In a four-part series, BBC News Online explores how the recent growth of Cardiff has affected the rest of Wales.
Has Cardiff's rise created a north-south divide?
Cardiff is currently fighting for the title of European Capital of Culture for 2008, but 100 years ago, it was not even a city, let alone a capital.
But its rapid rise, through city status in 1905 and winning a ballot to become capital in 1955, has helped fuel criticism of a perceived north-south divide in the country.
In the last 100 years, Cardiff has established itself as the administrative, economic, commercial, religious and sporting centre of Wales.
The city has been home to the National Museum of Wales since 1905 and the Welsh Office (and subsequently the Welsh Assembly) since 1964.
It also houses the main offices of BBC Wales and HTV and the Millennium Stadium.
Cardiff's growth is causing problems for the rest of Wales as it is drawing people and organisations away
Dr Michael Samers, lecturer in economic and urban geography at the University of Nottingham said there were dangers of Cardiff becoming too much of a "magnet for migration".
"It is not just job opportunities, but cultural attractions - and the circle of investment can turn into a vicious cycle and it can become a victim of its own success," he said.
"People resent being spoken for by a capital that is divorced from their lives.
"If a city wants to be accepted as the capital, it must strive to represent different sections of society from across the country," he added.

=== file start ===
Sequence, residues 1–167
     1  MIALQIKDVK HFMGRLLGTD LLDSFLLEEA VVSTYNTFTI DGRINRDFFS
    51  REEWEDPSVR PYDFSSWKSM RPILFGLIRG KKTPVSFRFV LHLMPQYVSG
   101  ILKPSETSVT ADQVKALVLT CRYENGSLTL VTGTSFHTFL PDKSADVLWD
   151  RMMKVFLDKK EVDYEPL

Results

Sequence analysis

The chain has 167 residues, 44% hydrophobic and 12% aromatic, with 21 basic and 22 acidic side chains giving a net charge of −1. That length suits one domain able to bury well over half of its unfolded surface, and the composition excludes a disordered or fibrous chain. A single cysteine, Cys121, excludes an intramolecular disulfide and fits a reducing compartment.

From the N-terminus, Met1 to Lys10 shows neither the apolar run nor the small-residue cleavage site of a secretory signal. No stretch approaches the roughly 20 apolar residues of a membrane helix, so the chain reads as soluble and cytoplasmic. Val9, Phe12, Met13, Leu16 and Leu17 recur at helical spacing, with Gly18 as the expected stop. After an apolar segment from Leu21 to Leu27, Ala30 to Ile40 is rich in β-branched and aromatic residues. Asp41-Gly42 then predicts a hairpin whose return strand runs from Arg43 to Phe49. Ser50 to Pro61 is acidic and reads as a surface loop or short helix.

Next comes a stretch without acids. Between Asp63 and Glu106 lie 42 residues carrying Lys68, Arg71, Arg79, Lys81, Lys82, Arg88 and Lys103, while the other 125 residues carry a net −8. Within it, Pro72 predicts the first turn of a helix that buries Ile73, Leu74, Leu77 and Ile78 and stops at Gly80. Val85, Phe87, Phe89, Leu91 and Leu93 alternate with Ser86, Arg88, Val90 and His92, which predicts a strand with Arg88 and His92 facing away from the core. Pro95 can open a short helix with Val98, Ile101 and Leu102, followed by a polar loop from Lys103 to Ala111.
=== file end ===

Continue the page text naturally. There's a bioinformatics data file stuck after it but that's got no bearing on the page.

And historian John Davies has warned against the dangers of the city becoming too dominant.
"One of my reasons for supporting devolution was that everything was sliding to London and the south east," he said.
"We don't want a miniature version in Wales," he added.
However he said Cardiff's dominance is down to where the bulk of Welsh people live, and that feelings of a north-south divide were inevitable.
The Millennium Stadium dominates modern-day Cardiff
"People see Cardiff as lopsided, but half of the population lives in easy commuting distance," he said.
He also said that resentment of a capital was experienced in practically all countries across the world.
But Dafydd Iwan, local historian in Caernarfon, is concerned that the rise of Cardiff is "starving the nation".
"Cardiff's growth is causing problems for the rest of Wales as it is drawing people and organisations away," he said.
"I am a strong believer in decentralising Wales away from Cardiff.
"It is not against Cardiff, but places like Caernarfon are suffering as a result of losing the young and the skilled," he added.
There is a bit of resentment in the north, but there is not a comparable place
Dennis Morgan, Cardiff historian
Alister Williams, a local historian in Wrexham - which recently lost out to Newport in a city status contest - feels that stronger links to tie the country together are essential.
"There is this very strong feel things are going to south east Wales," he said.
"I think that feeling is going to continue until there is a good access road to north Wales," he added.
However, Cardiff's strengths were defended by local historian Dennis Morgan - author of The Cardiff Story - who said the city had developed since becoming capital.
"In the last 20-30 years, it has fully justified the honour bestowed on it - it has become a capital in so many ways," he said.
"There is a bit of resentment in the north, but there is not a comparable place," he added.